By Ed Poropat
“Kreeeeeek……kreeeeeek……kreeeeeek……” – a distinct sound emanates from a shallow roadside pond, the rolling call reminiscent of someone rubbing their finger across a barber’s plastic comb. Early spring is once again breeding season for the tiny Chorus Frog. These minute amphibians emerge from hibernation in early April and begin their explosive breeding cycle, calling intensely for only a few short weeks before going silent for the remainder of the year. They are among the earliest frogs to call in our area.
With the recent warm weather, Haliburton Highlands Land Trust (HHLT) biologists and volunteers have been sweeping parts of the County in search of these declining amphibians. And, with great success! Recently, Paul Heaven of Glenside Ecological Services Ltd., HHLT’s project biologist, discovered five previously unknown breeding populations within the Marigold Wetland Complex, adding significantly to the few remaining sites in southern Haliburton County. These breeding locations have extra significance as they lie within a swath of land dubbed the Highlands Corridor. The local Land Trust has expended an enormous amount of time and energy not only documenting what species reside within this area, but also advocating to protect large portions of it. The Corridor would help mitigate the negative impacts of climate change and allow continued movement of species through connectivity.
A Chorus Frog can be green to brown in colouration, with dark longitudinal striping along the back. It will show a dark line running from the tip of the nose, through the eyes, and along its side to the back legs. Its thin, white, upper lip seems to glow in the sun. Chorus Frogs can pack quite a punch for their size. Their dry, rising trill can be heard day or night at quite a distance, given an adult frog is not much bigger than your thumbnail. Unlike woodland pools and large wetlands that Spring Peepers thrive in, Chorus Frogs seek out shallow, grassy, ephemeral pools to lay their eggs. They do not cope well with competition, especially if fish are present. Thus, a Chorus Frog’s early life is a race against time and weather. They must complete their cycle of egg, to tadpole, and finally metamorphosing to an adult before their temporary pool dries up. A particularly hot, dry spring can spell disaster for a local population of these tiny amphibians.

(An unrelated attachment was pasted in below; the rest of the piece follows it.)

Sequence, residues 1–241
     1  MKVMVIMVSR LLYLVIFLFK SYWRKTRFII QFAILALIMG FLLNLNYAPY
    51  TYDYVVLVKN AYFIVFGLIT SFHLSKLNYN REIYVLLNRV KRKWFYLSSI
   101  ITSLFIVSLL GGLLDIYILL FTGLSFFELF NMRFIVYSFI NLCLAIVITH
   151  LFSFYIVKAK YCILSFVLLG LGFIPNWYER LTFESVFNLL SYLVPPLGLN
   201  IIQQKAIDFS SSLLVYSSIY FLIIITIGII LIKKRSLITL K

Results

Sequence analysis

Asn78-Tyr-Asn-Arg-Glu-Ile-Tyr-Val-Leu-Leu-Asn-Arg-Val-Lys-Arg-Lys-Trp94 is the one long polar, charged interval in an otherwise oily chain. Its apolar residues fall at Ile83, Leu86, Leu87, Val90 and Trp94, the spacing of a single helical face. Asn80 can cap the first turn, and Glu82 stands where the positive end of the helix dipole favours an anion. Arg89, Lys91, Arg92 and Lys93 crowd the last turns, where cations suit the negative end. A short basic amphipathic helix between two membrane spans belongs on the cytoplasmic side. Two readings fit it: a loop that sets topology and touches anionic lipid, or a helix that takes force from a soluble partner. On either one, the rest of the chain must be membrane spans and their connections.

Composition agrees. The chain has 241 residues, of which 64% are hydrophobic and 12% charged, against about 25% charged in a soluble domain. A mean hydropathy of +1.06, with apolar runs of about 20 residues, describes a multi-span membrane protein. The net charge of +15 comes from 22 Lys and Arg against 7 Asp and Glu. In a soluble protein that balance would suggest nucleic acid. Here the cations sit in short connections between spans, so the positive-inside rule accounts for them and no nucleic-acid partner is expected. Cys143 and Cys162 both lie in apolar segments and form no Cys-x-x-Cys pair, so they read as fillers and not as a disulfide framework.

Chorus Frogs have experienced enormous declines in the past few decades. Although the Carolinian population appears to be stable, the Canadian Shield and eastern Ontario population has been steadily disappearing. Haliburton County has not been immune to this decline, and many of our traditional Chorus Frog sites have gone silent in the past decade. The discovery of these new locations is therefore very exciting. Sadly, it appears to be a race against time to determine the causes of this decline. Although habitat loss is a major contributor in some areas, other factors must be at play also.
If you’d like to assist the Haliburton Highlands Land Trust in their endeavor to understand the distribution and abundance of these tiny frogs, you can help by simply using your cell phone. If you think you have heard chorus frogs, simply make a brief recording and email it to the Land Trust with a location. The recording can be verified, and you will have made a significant contribution to our knowledge of local fauna. The Land Trust is appreciative of the generous funding from Environment Canada & Climate Change, Habitat Stewardship Program to support this project.
So, get out there before the bugs arrive, and enjoy the calls that truly herald the coming spring … the call of the Chorus Frog.
By Ed Poropat